A Minute Maid juicebox produced in the U.S., shown at left, lists the country-of-origin details. But the Canadian equivalent, shown at right, does not. (CBC)

It's that kind of transparency Schuyler says is missing from Canadian shelves.

"It is a great example, looking at what they've done in the States to just put it on the label. Clear country of origin labelling would be a very good thing to see in Canada," he said.

Food lawyer Glenford Jameson, who works with companies to ensure their labels meet Canadian standards, says country of origin requirements on juice is a "voluntary statement" in Canada.

"All you need to say is that it's prepared in Canada," he said. "And you can choose to say it's prepared from imported or domestic ingredients — but you don't necessarily have to spell out where it's from."

Apples from around the world

While apple juice labels aren't legally required to list the country of origin, similar to a number of fruit and vegetable products prepared in Canada, the Canadian Food Inspection Agency (CFIA) does require the labels to include company information.

In an attempt to learn the source of apples for some of the most popular juice brands sold in Canada, Marketplace contacted the customer service departments of five different companies.

The agents we reached told Marketplace that their juices were produced with apple concentrate from China, Poland, Argentina, Chile, New Zealand and the U.S. as well as with "some" apples from Canada.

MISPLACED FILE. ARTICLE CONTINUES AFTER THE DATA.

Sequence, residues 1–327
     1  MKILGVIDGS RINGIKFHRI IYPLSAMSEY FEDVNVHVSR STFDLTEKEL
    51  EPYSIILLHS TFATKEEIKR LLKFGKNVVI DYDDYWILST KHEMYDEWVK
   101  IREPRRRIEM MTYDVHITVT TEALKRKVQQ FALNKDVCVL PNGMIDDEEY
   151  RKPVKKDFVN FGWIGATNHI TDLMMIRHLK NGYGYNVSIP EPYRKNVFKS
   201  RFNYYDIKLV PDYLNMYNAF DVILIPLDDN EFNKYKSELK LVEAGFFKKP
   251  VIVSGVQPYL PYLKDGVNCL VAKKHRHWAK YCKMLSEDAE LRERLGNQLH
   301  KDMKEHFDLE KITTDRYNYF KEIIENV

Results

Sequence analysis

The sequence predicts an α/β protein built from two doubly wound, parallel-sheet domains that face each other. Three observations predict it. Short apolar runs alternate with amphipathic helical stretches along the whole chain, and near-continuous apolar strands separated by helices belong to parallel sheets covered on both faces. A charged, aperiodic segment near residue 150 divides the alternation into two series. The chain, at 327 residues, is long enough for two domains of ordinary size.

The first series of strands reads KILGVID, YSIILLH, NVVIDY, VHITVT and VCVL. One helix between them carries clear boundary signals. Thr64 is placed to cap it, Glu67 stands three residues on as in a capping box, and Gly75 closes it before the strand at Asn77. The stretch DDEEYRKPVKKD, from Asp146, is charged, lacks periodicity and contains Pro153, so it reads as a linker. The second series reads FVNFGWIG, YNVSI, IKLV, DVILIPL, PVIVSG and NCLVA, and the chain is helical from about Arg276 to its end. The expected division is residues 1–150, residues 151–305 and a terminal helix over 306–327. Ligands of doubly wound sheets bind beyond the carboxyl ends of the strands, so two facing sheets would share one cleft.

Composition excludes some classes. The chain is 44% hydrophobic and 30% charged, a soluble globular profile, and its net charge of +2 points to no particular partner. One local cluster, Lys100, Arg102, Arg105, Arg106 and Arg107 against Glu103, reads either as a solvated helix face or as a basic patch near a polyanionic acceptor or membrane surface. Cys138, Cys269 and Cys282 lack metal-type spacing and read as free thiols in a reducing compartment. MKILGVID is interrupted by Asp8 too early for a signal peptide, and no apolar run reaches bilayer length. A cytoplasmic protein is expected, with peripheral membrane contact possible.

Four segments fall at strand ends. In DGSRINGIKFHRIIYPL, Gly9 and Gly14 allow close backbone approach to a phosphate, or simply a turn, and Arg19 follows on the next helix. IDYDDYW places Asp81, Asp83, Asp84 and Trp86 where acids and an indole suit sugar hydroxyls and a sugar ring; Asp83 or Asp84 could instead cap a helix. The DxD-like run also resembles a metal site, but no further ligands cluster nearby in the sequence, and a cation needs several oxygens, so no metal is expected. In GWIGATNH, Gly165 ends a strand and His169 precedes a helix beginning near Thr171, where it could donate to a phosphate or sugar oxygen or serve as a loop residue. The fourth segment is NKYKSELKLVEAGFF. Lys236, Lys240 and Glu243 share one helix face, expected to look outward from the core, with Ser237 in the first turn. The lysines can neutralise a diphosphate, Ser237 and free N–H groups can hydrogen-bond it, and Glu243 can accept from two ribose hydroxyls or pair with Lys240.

With its massive orchards and cheap labour force, China has become the world's largest producer of apple juice concentrate over the last few decades.

China is also the number one supplier of apple juice concentrate to Canada, far outpacing other countries, according to Statistics Canada and the World Apple Review.  Last year, nearly 30 million litres of apple juice concentrate alone was imported into Canada from China.

Apple concentrate is produced from apple juice that is boiled down into a thick liquid, packaged in plastic-lined steel drums and transported around the world by tankers. Once in Canada, the concentrate is mixed with water and reconstituted into a drinkable juice.

The CFIA is currently reviewing its labelling practices in Canada, though the agency says there are no plans to change the rules around apple juice labels in the future. (Norm Arnold/CBC)

While the U.S. does not believe that adding water to a concentrate changes the product substantially, the Canadian government does. In Canada, adding water to apple concentrate is considered "a substantial transformation," the CFIA says, and therefore no country of origin is required because it becomes a "processed product."

Marketplace also reached out to Canada's largest apple juice-maker, A. Lassonde Inc., to ask about the source of its apples or concentrate.

The Quebec-based Lassonde owns and produces about a dozen juice brands throughout North America, including Oasis, Fairlee, Rougemont and Graves — and the iconic Allen's, with that navy blue can sporting shiny McIntosh apples, a maple leaf and the slogan: "A Canadian Favourite For Over 80 Years."